For anyone who’s planning to work from home for an extended period, it’s essential to optimize the ergonomics of your desk. You begin building this workstation by choosing a comfortable chair that directly supports your back, and in particular, your spine. It should be relatively easy to adjust the height and move the chair around your space so that you’re seated too high or too low relative to the height of your desk. You might also want to consider a lumbar-support pillow or chair mat for increasing your overall comfort.

Next, you’ll need to ensure that your desk is raised up to the correct height, where your arms will be perfectly parallel to the ground. You’ll also want to raise or lower the height of your monitor so you aren’t straining your neck. Many individuals who work from home have developed the bad habit of working on a computer monitor that they’re looking down at, rather than directly across to on a flat level. A well-designed keyboard and monitor are also a valuable addition to your workspace, particularly if you’re normally working on a laptop.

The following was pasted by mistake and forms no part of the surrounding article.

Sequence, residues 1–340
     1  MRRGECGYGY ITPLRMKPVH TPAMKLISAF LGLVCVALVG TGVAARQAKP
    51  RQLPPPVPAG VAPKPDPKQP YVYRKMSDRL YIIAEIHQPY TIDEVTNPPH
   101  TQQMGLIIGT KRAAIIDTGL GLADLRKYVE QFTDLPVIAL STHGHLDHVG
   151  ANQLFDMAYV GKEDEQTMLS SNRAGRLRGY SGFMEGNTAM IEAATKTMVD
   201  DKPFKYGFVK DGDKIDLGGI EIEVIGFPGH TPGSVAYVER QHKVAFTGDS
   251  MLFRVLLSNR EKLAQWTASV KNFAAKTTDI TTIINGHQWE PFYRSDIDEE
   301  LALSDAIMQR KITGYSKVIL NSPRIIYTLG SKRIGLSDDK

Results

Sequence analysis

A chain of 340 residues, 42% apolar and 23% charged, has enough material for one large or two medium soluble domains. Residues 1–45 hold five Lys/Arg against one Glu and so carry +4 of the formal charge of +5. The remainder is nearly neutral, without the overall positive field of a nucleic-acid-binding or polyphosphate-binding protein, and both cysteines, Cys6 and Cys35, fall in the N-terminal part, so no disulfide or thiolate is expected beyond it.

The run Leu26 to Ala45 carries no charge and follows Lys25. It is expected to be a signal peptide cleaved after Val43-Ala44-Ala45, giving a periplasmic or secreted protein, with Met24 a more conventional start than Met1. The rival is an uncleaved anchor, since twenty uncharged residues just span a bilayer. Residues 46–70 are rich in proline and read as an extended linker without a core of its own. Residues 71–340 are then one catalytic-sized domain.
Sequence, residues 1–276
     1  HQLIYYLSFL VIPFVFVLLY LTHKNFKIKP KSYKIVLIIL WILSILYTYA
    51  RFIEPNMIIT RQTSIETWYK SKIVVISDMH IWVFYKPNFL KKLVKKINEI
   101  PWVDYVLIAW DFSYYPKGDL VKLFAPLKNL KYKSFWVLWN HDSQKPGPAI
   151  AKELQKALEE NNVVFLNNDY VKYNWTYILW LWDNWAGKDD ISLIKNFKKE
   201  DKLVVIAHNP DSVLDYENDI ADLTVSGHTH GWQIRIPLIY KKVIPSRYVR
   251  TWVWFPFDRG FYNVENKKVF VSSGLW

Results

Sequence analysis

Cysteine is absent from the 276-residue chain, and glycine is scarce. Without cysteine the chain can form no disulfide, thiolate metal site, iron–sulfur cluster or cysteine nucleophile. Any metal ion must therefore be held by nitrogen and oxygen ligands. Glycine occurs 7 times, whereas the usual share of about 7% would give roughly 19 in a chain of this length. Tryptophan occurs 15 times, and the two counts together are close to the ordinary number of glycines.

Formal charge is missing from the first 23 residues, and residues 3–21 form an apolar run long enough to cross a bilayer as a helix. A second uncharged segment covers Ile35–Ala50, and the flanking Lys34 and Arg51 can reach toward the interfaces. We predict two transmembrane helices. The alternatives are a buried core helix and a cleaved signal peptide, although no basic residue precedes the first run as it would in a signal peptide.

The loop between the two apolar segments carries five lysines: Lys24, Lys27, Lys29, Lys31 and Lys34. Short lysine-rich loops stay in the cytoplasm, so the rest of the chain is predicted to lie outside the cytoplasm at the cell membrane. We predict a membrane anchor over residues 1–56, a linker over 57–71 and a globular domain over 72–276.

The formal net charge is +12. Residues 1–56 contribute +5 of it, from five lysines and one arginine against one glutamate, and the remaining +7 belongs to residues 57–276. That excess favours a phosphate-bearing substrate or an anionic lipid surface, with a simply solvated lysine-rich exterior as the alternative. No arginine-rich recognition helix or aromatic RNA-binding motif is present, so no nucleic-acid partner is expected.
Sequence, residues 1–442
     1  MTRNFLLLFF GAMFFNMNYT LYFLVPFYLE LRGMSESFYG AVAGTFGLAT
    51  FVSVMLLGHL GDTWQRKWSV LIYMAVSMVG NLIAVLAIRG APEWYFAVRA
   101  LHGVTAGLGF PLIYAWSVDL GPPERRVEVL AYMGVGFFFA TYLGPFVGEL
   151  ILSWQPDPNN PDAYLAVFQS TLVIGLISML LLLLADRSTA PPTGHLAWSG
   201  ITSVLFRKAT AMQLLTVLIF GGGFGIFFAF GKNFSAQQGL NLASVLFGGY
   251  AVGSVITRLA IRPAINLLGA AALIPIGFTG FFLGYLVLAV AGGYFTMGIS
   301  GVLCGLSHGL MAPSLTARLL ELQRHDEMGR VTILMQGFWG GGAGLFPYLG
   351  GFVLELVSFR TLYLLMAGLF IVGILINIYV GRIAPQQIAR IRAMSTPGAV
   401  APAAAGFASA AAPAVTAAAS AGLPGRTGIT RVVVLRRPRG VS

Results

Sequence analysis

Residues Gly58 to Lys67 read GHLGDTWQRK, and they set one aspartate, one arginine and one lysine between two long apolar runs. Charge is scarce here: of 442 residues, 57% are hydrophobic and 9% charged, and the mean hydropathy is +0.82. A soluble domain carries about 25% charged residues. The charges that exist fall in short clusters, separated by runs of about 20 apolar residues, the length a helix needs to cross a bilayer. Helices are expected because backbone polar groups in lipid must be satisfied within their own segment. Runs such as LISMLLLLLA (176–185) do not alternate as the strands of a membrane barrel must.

Schedule Your Time

To fully organize your day when you’re working from home, the best thing you can do is add everything to your calendar- even if it’s outside your regular working hours. Your calendar is an essential tool in creating a routine you’ll actually stick to and for making sure you’re spending enough time away from your desk and the stress of your job.